Wednesday, December 19, 2012

Radio show Monday, December 24th TUNE IN

Phyllis W. Palm, PhD

Will be a guest on the talk  radio show


On Monday, December 24,th  2012 at 9am mountain time, 10 am central, 11 am EST.
The title of the conversation is
Shifting Caregiving from Crisis to Comfort

Tune in: on your computer
Call in to comment 651-748-4714- share your comments and your feelings

Skype  alzspeaks join us on skype

Twitter 31/AlzSpks or tweet
In whatever way you choose

Contact Dr. Palm at 646-265-8570, facebook at Phyllis W. Palm, PhD, blog at, website, email at

Sunday, December 16, 2012

Candles 100 words for Sunday, December 16,2012

Candles, symbols of light and hope in our darkest hours, brighten my home as we celebrate the holiday the day after the horrendous life-taking of 20 children and six adult teachers in a local American school. My heart is grateful for the grandchildren who are here, safe and sound, as I grieve with all other parents and grandparents, uncles and aunts, cousins and friends of those who were so senselessly murdered with yet another assault rifle in the hands of a twenty-year old disturbed young man. Life is a gift; we never know how long we have. Let’s treasure it!
We never know what life is like for others; mostly we concentrate on our own and seldom do we take the time to appreciate what we have. Today is one of those times.

Saturday, December 15, 2012

Advice from a Tree December 15, 2012

 Advice from a Tree

This poem is quoted from the Alzheimer Association Newsletter for Alzheimer’s Support Group Facilitators., Desert Southwest Chapter, Central Arizona Region .   
Stand tall and proud, sink your roots into the earth,
 Be content with your natural beauty.
 Go out on a limb, drink plenty of water
 Remember your roots,
Enjoy the view.

 At this holiday time although we decorate our homes and prepare lavish entertainments for our out-of-town relatives and friends, we also need to stand tall and proud even if we are caring for a loved one whose skills have declined since the last visit. If we pretend to hide, if we try to “protect” ourselves from the “intrusion” and advice of our loved ones, we do so at a very high cost to ourselves and perhaps to our loved ones.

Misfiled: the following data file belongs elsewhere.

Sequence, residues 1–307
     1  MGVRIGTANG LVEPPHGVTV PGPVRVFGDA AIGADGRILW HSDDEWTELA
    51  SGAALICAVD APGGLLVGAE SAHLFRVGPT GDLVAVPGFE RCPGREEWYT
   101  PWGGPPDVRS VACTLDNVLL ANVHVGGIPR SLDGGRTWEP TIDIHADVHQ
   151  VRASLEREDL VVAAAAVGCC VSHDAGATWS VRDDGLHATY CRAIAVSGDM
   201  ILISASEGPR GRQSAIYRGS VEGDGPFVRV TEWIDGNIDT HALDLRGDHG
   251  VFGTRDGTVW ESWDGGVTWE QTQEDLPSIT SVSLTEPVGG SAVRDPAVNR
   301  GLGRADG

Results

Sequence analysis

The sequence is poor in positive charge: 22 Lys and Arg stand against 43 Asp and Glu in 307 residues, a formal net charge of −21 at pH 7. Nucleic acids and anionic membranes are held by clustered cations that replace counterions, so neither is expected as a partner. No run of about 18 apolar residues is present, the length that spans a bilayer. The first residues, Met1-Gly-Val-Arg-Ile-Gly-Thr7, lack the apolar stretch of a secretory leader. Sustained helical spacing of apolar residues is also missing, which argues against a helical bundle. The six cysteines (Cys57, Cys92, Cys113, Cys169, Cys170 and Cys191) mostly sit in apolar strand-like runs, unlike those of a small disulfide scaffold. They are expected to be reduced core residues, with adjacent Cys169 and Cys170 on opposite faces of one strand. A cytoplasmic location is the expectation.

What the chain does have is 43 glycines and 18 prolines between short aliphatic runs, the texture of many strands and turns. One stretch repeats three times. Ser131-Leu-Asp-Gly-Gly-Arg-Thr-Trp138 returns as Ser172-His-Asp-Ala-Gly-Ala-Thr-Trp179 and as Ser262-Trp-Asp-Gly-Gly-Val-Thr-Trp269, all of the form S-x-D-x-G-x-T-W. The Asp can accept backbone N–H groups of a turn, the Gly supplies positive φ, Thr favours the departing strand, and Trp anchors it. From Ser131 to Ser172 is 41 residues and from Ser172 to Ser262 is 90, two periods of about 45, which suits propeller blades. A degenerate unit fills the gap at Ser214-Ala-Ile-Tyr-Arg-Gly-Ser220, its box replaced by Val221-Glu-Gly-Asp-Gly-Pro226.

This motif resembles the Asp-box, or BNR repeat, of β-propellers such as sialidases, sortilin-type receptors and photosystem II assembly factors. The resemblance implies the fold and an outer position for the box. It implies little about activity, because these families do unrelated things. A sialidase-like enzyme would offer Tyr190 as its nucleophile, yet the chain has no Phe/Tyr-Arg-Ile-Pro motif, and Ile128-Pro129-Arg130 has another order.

Adult children and grandchildren of all ages will respond to the behavior they witness and they will perhaps withdraw if they sense the parent is less engaged than before. If visits decline, the caregiver’s life is further narrowed as well as our loved one’s life. Parents often feel that children have no need to know “personal” information. When we become caregivers that role shifts and those difficult conversations need to occur. If your roots are established, your wishes will be too.

Go out on a limb, test the waters, see if your parents or other older relatives will listen to suggestions to obtain assistance with skills of daily living, ask if they have wills and powers of attorney and medical proxies in place in accordance with the state in which they live, if it is different from your own where this paperwork may well have been written in the past.

Remember your roots, tell old stories, keep family traditions alive and enjoy the visits.



Sunday, December 9, 2012

Passion 100 words for Sunday, December 9, 2012

  Verdi’s opera Un Ballo in Maschera vividly portrays  differences between men and women in a  love triangle. King Gustavo feels love in his heart for his best friend’s wife, so he acts on his feelings and declares himself to her, regardless of the risk or potential cost involved. Amelia asks instead for a witch’s potion to cure her of her feelings for the king, desiring to remain a loyal and protected wife. Many people long for new passions and become bored with their ordinary lives. Is this a morality play meant to show the tragic outcomes of following one’s dream?